Stump Speeches and the Synoptic Problem: A Lesson Outline

Like nearly every other American user of the Internet, I have recently been following the reports of plagiarism in Melania Trump’s 2016 RNC stump speech. As others have been quick and correct to point out, Ms. Trump (or, more likely, her speech-writer) is not alone in lifting material from other speeches. Although I’ve been enjoying the humor of these posts, and of the Trump campaign’s response to the allegations, I really don’t have a strong opinion about what Melania(‘s speech writer) did or didn’t do or why that matters. Those concerns are completely irrelevant to me. Although Anthony Le Donne may think me a scoundrel, I politely and good-humoredly demur. The circus amuses me, and I certainly appreciate the bread, but I’m after something else.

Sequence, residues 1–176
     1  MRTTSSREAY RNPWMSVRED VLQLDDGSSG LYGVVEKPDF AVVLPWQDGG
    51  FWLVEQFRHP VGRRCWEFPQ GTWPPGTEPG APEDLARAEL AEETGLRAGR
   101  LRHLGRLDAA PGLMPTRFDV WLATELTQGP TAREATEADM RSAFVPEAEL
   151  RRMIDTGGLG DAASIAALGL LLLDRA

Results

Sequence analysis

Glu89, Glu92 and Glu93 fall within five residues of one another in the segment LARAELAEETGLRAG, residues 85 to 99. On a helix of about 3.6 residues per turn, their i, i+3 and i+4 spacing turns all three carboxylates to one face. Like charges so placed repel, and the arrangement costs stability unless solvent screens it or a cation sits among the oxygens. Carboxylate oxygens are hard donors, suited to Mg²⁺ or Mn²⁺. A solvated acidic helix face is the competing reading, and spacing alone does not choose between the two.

What I am most interested in is how Ms. Trump’s speech and its relationship to a 2008 speech from Michelle Obama may be leveraged for teaching. As a student and teacher of Bible, like many others, I seized upon these events as a modern corollary to what biblical scholars call source criticism. And so I have developed a lesson outline draft that uses the Melania/Michelle speech as an introduction to mapping literary relationships among the Synoptic Gospels. It is my intent that this activity be a fun(ny) entree into the Synoptic Problem, a tool for honing reading skills, and a way of reminding students that they already know how to read carefully, critically, and comparatively.

Note: the outline below is meant as a companion to a Synoptic Gospels coloring exercise, but does not include directions for this activity.

GoogleDoc Link:

Readers may use this outline for their own teaching. Proper credit appreciated, but not required; I’m not going to hunt you down.